By Father Jacob Dankasa
Special to The Texas Catholic
In our lives there may have been times when we made a wrong decision, took a regrettable action, made the wrong choice, carried out an act in error, or made promises we were unable to fulfill. Those are moments that we may look back on and wish we didn’t have things like that in our past. But what we do when we realize our mistakes is very important in shaping who we are as humans and as Christians. When I think about this, I remember the story of Herod in the Bible, the story of the event that led to his beheading of John the Baptist (Matthew 14:1-12).
Herod the tetrarch made a promise to the daughter of Herodias, who had performed a dance that delighted him. In fact, the scripture says, “… he swore to give her whatever she might ask for.” Talk about being careful what you promise! Of course, she asked for the head of John the Baptist. That was a completely unexpected request — we know because Herod became distressed about it. But he went ahead and granted her request because it was an oath. It sounds like he was a man of his word.
Herod may have acted in his own way, a way outside of God’s ways, because he was not a believer in the teachings of Christ. He may have been concerned about being seen by his people as a strong leader — a promise keeper.
But we Christians must ask ourselves this question: At what point should we rescind our decisions when we come to realize that the unanticipated outcome of a decision presents an even greater ethical or moral problem? What should we do when the desire to keep or fulfill a promise comes in conflict with the need to keep God’s words or laws?
Christians must behave differently because we believe in the teachings and ways of our Lord Jesus Christ.
And as believers in the gospel we must be willing to rescind our decisions when we come to realize the moral dangers they pose to divine law. There are times when our ego and our pride push us to stick to our positions, no matter how bad we have come to realize they are, because we’re afraid of what people will say or think about us.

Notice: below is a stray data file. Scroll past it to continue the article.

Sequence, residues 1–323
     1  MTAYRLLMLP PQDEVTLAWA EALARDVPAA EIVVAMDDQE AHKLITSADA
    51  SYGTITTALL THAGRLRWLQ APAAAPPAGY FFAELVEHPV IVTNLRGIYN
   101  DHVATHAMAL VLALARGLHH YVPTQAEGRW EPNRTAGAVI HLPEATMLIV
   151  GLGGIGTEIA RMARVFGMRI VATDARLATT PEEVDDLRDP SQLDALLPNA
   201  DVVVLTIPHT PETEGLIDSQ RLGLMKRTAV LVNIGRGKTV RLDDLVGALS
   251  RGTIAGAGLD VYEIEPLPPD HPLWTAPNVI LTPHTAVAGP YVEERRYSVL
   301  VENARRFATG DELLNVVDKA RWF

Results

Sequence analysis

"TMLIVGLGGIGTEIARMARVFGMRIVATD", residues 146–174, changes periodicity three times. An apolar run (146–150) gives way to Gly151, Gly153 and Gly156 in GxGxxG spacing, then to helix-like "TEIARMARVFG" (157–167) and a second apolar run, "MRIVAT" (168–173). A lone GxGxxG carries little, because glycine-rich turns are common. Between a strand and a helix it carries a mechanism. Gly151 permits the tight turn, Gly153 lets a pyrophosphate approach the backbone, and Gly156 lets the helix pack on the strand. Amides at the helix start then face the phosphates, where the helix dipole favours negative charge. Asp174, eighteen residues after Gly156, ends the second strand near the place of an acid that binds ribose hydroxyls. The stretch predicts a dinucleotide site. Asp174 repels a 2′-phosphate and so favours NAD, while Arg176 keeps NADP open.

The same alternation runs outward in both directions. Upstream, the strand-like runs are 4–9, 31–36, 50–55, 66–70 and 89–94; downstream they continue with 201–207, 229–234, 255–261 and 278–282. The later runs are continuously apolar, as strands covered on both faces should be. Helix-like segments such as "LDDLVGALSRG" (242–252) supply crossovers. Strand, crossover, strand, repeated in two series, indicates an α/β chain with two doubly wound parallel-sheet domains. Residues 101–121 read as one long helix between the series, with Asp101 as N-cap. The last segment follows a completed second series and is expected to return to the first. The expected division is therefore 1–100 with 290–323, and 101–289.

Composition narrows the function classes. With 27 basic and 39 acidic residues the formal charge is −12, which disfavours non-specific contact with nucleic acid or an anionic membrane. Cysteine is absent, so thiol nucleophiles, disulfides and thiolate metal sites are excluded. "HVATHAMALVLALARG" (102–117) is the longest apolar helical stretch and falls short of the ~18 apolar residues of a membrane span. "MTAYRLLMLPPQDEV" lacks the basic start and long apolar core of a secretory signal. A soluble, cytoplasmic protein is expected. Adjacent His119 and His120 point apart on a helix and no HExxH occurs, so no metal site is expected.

We must have the courage to change our words, actions or ways when we later realize they were in error. In every one of our human actions that conflicts with God’s law, God must come first.
And even in our everyday human relationships, the courage to change our viewpoints, actions or decisions when we realize they are held or carried out in error is the most reasonable thing to do.
It could be a decision you have made about a friend or relative, or it could be a perception or an opinion you have come to hold about certain people or certain things, or maybe you reacted against someone or something based on beliefs you conceived to be true at the time of reaction.
If you later find out that your actions or reactions, or your perceptions or opinions, were in error, the right thing to do is to have the courage to change your thinking, perception or opinion about the person or people, and even apologize where possible. This is even more important if you are a leader, a person of authority, a head of household, or simply a friend.
Don’t be afraid to be called weak for rescinding a bad decision or action. Sometimes, in the name of trying to appear strong, we hold onto bad opinions, perceptions or beliefs, even when deep inside we hear our conscience say otherwise. Humans can say whatever they want to say about you, they can tag you with whatever name they want to, they can even call you weak for rescinding a previously held view or action. But if your ways agree with God’s, you are doing the right thing. You are just fine.
Father Jacob Dankasa is pastoral administrator of Holy Family of Nazareth Catholic Church in Irving.